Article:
Argo Group is reporting a healthy increase in net income for its 2019 first quarter even as activist shareholder Voce Capital Management continues to allege excessive spending practices by the company’s board of directors.

The Bermuda-based property/casualty insurer and reinsurer booked $91.3 million in net income, or $2.63 per diluted share, versus $24.8 million, or $0.71 per diluted share in the 2018 first quarter. Argo Group said the income surge included pre-tax net gains connected to changes in the fair value of equity securities of $54.2 million, compared to pre-tax net losses relating to changes in the fair value of equity securities of just under $31 million a year ago.

Argo’s combined ratio was 94.8 during the quarter, compared to 95.8 in Q1 2018.

In prepared remarks, CEO Mark Watson III said the gains also stemmed from solid premium increases and improvements in other business fundamentals.

“These results were enabled by a 7.1 percent increase in gross written premiums, with a 10.2 percent rise in the U.S. operations, an improvement in our expense ratio, and a 26.6 percent increase in our underwriting income,” Watson said. “We expect our strategy to continue to deliver superior and sustainable returns to shareholders.”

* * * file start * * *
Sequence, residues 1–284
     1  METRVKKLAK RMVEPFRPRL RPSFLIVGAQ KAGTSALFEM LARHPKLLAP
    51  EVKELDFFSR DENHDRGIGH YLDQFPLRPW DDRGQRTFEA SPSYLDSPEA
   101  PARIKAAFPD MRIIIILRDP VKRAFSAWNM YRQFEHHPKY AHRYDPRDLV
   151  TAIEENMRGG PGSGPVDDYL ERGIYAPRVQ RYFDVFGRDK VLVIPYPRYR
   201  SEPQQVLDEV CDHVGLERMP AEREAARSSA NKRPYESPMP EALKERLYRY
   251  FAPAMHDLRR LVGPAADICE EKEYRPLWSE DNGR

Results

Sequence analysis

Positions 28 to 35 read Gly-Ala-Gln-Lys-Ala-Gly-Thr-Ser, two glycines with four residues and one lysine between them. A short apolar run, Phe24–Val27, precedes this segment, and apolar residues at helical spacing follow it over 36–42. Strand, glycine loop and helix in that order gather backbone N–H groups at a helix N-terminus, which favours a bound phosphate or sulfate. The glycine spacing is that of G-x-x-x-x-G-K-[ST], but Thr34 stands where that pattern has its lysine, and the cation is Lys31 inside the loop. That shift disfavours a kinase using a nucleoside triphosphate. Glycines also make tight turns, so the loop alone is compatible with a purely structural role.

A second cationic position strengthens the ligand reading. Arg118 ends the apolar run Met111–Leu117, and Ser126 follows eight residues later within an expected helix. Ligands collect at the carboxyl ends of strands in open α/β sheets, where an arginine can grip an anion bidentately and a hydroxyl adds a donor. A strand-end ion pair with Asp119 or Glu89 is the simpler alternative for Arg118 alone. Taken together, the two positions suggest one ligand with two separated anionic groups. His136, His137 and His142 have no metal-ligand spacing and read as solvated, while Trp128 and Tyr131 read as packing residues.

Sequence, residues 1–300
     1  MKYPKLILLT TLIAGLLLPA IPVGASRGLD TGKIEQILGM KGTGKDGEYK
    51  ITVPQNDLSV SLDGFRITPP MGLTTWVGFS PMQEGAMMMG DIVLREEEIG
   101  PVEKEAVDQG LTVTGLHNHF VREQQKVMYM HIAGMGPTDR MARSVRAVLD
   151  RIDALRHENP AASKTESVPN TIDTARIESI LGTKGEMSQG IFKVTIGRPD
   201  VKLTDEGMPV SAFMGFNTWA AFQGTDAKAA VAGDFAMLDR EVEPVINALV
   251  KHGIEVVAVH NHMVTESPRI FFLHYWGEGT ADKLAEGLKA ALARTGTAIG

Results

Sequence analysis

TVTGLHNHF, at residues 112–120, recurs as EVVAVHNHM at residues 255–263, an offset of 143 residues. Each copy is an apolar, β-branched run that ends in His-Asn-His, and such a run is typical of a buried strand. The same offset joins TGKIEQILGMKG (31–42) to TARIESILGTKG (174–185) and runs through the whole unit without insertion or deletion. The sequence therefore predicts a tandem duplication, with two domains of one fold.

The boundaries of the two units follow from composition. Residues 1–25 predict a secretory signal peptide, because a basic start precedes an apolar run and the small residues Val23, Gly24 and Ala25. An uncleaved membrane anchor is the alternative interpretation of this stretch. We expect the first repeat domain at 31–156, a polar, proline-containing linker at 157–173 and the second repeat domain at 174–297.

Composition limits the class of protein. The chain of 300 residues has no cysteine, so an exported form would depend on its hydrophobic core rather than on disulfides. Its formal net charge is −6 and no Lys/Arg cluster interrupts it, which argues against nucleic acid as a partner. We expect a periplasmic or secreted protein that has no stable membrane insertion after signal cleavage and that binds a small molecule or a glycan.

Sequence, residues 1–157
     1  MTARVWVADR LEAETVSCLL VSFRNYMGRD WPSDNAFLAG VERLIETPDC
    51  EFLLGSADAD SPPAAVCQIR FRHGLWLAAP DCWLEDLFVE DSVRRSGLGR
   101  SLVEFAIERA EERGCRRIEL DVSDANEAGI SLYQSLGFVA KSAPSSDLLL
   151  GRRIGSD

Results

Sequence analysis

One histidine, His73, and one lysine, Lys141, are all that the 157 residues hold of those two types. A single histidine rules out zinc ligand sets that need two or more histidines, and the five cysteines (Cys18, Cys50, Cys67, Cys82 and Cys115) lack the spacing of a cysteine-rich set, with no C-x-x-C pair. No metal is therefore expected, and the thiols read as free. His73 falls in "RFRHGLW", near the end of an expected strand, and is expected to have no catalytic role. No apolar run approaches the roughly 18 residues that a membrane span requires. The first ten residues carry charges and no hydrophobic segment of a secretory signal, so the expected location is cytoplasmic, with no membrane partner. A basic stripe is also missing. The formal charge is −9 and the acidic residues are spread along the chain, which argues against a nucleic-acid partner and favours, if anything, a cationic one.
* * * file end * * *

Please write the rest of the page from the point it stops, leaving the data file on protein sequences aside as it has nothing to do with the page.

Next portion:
Argo issued its financial results on May 1, the same day Voce published another release detailing how Argo’s board could boost shareholder value and reverse a “self-indulgent culture of entrenchment, commingling of personal and business activities and disregard for shareholder interests.” Voce first began publicly criticizing Argo in February, accusing the company’s board of supporting a pricy corporate art collection and luxury home/corporate jet travel for Argo CEO Mark Watson. Argo has repeatedly denied Voce’s accusations.

Voce has also nominated its own slate of independent board member candidates. In its May 1 release, the firm said Argo’s board could use its proposals to boost shareholder value through “immediate expense reductions, compensation reforms, capital allocation improvements, portfolio rationalizations and sweeping corporate governance enhancements.” Among Voce’s specific recommendations: the potential sale of its international business, which it argues could help Argo achieve a return on investment of over 13 percent.

Voce also urged board members to vote for its five nominees for independent director during Argo’s 2019 annual meeting on May 24.

Here are highlights of Argo’s Q1 2019 consolidated results:

  • Gross written premiums came in at $760.8 million, more than 7 percent higher than the $710.5 million generated during the 2018 first quarter.
  • Catastrophe losses were $5.5 million, versus $4.3 million a year ago.
  • Net investment income was just under $34 million, compared to $36 million in the 2018 first quarter. Argo attributed the decline to securities market volatility in the 2018 fourth quarter.
  • Argo said its U.S. Operations division grew 10.2 percent during Q1, with International Operations achieving a 3.7 percent increase.

Source: Argo, Voce